Has Comet ISON stopped brightening?
Comet ISON is expected to become one of the most dazzling skywatching events while making a passage around the Sun later this year. In October of 2012 NASA's Jet Propulsion Laboratory (JPL) stated that Comet ISON (C/2012 S1) could reach magnitude -11.6, which is almost as bright as the full Moon. If JPL`s prediction comes true the comet would shine so bright that it would cast shadows at night, and would be bright enough to easily be spotted during broad daylight.
Images of Comet ISON obtained using the Gemini Multi-Object Spectrograph at Gemini North on February 4, March 4, April 3, and May 4, 2013 (left to right, respectively; Comet ISON at center in all images). (Credit: Gemini Observatory/AURA/Color composite produced by Travis Rector, University of Alaska Anchorage)
Based on comet's orbit, astronomers belive the comet is coming from Oort cloud, making its first visit to inner solar system. ISON was discovered on September 21, 2012, by Russian astronomers Vitali Nevski and Artyom Novichonok using a telescope of the International Scientific Optical Network (ISON) located near Kislovodsk, Russia.
But things are looking pretty grim for now as the comet has supposedly stopped brightening since the beginning of 2013.
According to comet hunter John Bortle, Comet ISON is not evolving as earlier predicted. ISON has stagnated as near 16th magnitude for a couple of months now. The coma's degree of condensation grew quite strong, and soon after an unexpected strong but short tail that has appeared and it persists right down to today. The coma subsequently faded and became less condensed and smaller.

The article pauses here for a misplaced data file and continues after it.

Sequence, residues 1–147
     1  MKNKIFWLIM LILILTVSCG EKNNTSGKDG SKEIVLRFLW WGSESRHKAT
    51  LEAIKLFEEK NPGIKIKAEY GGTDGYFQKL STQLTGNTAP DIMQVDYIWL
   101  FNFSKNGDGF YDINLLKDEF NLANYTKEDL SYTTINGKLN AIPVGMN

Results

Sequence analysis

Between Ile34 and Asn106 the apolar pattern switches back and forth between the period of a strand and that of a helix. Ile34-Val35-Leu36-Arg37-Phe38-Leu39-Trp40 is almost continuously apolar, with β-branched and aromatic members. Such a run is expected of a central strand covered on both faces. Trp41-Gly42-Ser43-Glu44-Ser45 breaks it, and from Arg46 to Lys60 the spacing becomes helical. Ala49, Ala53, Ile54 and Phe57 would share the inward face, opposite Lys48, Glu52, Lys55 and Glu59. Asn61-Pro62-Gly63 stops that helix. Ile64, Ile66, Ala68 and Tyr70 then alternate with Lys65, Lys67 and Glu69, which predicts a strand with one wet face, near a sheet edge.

Faustino Garcia created this graph using CCD camera, where the solid red line shows the original brightening forecast for C/2012 S1(ISON)
Since comet ISON probably originates from the icy Oort cloud it has not yet been exposed to the effects of the sun. ISON might have a thin layer of frosted material around it which could vaporize at a great distance from the sun, affecting the comet's brightness. This might be the case with ISON.
Experts will not be able to say what will actually happen with ISON until the comet gets close enough to the sun, when any frozen water inside it`s 4.8 km wide nucleus will begin to sublimate. This will occur in a period between July 8 and August 12, 2013 when the comet is suppose to fly within 450 million to 370 million km of the sun, and then ISON might start to brighten again. C/2012 S1(ISON) is currently approaching the 50,000 mph mark at a distance of 330.1 million miles from the Sun. There are still 184 days until perihelion.
Remember that comets are famously unpredictable and ISON is no different, so as the comet gets closer more accurate predictions will be available.
From now through October, comet ISON tracks through the constellations Gemini, Cancer and Leo as it falls toward the sun. (Credit: NASA's Goddard Space Flight Center/Axel Mellinger)
Comet ISON will pass very near Regulus in constellation Leo on October 14/15, 2013 and near Spica in mid-November. On November 23, 2013 ISON will pass very near a planetary pair of Mercury and Saturn and on November 28, 2013 Comet ISON will be at closest point to the Sun. It will be visible on both evening and morning skies for mid-Northern observers and circumpolar for the far North through December. ISON makes its closest approach to Earth at 39.6 million miles on December 26, 2013.
Featured image: NASA’s Hubble Space Telescope provides a close-up look of Comet ISON (C/2012 S1), as photographed on April 10, when the comet was slightly closer than Jupiter’s orbit at a distance of 386 million miles from the sun. (Credit:NASA, ESA, J.-Y. Li /PSI/Hubble Comet ISON Imaging Science Team)